The idea of Genesis Rising is a fairly unique one: breed your own ships using genetics, customize your fleet with a variety of abilities, and wage space war while executing special attacks across the battlefield with your living spaceships. If done well, it would've been fun, but Genesis Rising fails to be enjoyable on so many levels that it just ends up being a huge disappointment.

The story is a little absurd, even given the context, and we're talking about a universe with living ships. In a nutshell, the human race, after being nearly exterminated, is fighting back and taking control of most of the universe. It is now a xenophobic force, annihilating all other species they encounter. To cement their position as the most powerful force ever, they've decided to find something called the Universal Heart, supposedly the thing that created existence. So, they send a small contingent of forces (despite their colossal, universal strength) to get this "the last unexplored galaxy in the universe". So, under the command of Iconah, the human race begins its complete conquest. By extreme chance, this last galaxy happens to be home to a variety of new races, some old rebellious ones, and all sorts of secrets.

This galaxy is divided into separate sections, each with objectives of their own. The objectives are fairly diverse, ranging from the typical 'destroy all the bad guys' to 'steal a secret weapon' to 'conduct trades', broken up with some verbal exchanges between Iconah and a variety of friends, enemies, and neutral parties. The problem is that there's little diversity between the maps' contents. Essentially, each of them have some stations (ship-producing facilities), some rocks, and perhaps a special feature here or there. Warping between sections doesn't feel like anything is actually changing except for the enemies. And, while the plot of the game gives the illusion of choice, like you can choose between following a trail or tracking a beacon, in the end you'll end up travelling everywhere anyway. What was nice was the ability to return to places previously visited, either to pick up some resources you may have missed the first time, or confront new enemies that have just appeared.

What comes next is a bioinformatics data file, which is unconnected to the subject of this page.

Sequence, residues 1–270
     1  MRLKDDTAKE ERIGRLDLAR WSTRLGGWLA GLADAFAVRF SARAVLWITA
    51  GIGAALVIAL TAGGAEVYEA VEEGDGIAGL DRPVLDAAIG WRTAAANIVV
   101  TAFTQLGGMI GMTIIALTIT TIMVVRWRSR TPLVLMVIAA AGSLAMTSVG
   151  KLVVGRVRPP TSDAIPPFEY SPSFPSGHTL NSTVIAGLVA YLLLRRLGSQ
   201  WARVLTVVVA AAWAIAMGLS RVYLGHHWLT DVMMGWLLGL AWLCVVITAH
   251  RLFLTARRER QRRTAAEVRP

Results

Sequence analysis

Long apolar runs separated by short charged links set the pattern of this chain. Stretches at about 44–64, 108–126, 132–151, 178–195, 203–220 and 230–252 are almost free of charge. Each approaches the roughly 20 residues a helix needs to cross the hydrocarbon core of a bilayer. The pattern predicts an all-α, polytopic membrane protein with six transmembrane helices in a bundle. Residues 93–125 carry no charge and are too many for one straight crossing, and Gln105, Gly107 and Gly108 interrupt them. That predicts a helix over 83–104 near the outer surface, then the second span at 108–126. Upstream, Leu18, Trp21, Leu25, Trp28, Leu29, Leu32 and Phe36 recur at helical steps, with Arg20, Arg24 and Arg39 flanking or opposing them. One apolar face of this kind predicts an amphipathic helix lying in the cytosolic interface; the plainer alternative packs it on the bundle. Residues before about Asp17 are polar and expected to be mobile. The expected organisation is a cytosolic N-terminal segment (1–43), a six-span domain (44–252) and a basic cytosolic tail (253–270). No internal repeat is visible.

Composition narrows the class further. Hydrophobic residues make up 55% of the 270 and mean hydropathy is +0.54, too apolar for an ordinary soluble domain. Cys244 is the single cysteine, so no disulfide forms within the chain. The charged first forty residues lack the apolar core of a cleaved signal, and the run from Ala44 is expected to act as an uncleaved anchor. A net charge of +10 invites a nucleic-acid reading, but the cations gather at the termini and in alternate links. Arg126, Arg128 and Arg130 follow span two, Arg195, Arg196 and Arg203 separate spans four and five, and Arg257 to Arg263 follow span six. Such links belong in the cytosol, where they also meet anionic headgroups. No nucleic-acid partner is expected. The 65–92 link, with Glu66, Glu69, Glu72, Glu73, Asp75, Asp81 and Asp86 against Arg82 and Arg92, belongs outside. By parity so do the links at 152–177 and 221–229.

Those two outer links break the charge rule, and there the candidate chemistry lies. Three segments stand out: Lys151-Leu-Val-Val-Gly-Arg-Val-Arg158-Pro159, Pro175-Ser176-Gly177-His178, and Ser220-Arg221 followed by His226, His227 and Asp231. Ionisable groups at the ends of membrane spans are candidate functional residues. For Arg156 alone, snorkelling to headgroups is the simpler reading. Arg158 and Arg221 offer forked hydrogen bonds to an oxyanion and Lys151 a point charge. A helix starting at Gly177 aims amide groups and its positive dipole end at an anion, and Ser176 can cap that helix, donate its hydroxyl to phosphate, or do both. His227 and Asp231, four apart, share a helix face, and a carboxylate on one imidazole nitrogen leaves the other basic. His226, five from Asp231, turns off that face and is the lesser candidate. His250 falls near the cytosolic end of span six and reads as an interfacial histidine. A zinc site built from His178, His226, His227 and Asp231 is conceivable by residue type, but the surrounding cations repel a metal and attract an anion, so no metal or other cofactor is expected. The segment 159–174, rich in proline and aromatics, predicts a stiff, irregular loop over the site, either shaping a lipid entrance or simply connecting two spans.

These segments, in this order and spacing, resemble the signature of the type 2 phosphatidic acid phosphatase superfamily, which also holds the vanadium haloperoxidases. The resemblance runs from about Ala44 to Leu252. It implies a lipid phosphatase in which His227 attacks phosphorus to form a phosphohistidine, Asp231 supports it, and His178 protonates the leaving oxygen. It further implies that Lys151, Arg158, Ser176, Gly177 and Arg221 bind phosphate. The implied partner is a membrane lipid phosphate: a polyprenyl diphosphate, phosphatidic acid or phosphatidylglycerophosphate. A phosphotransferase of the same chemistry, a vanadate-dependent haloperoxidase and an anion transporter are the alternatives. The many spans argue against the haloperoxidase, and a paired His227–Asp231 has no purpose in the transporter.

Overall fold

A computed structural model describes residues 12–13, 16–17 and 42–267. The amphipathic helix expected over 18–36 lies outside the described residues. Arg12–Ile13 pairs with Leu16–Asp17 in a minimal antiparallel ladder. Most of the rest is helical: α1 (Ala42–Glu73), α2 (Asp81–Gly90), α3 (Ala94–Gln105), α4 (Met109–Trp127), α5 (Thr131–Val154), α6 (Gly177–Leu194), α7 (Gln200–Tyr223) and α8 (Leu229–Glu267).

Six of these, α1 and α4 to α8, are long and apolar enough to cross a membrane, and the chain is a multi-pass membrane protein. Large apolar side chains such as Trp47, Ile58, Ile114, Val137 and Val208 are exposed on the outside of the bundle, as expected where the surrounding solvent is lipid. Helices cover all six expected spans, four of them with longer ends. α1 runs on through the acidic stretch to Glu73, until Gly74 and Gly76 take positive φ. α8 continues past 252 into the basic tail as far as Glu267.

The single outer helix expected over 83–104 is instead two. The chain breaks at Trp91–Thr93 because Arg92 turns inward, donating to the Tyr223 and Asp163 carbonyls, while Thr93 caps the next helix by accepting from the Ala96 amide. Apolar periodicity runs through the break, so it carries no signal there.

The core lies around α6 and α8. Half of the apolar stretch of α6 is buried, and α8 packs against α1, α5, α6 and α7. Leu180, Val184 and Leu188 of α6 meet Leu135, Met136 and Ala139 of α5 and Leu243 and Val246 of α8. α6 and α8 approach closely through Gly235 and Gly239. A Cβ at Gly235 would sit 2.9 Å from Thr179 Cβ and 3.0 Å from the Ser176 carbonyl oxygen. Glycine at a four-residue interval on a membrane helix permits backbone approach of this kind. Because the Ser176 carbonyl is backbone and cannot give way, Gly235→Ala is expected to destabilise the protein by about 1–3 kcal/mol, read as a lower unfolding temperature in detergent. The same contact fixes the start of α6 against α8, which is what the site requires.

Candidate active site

The strategy portion of the game is pretty standard. A series of ships build other ships that fight bad guys. Blood is the only resource in the game, and is collected from stations and carcasses of dead ships. There are few upgrades to speak of. The combat itself isn't implemented very well either. Despite being in space, you only have a 2D plane to move around on with your units, and combat consists of the ships staring each other down, not moving, while firing lasers. Even the smallest ships do this, which renders the speed upgrade sort of worthless. It makes me long for the space-dogfighting of the great intergalactic-RTS, Homeworld.

While the RTS elements are pretty thin on the surface (there are only three types of ships built to fight, for example), it's the genetics element that makes the game stand out. Each ship you build has a set number of 'mutation' slots. Within these slots, you're able to slide in a variety of 'genes'. These genes, found through trading, production, or by scavenging dead ships, are abilities and weapons like laser beams, boosts to speed and armor, and special abilities. Each ship can be customized differently, so you can make a speedy fighter or a plodding gunship, which adds a lot of strategy and can make or break your battles. As a neat visual experience, each mutation to a ship makes the ship grow that specified mutation, like an extra gun for firing weaponry. In fact, without these genes, a ship is worthless, unable to do anything but move around.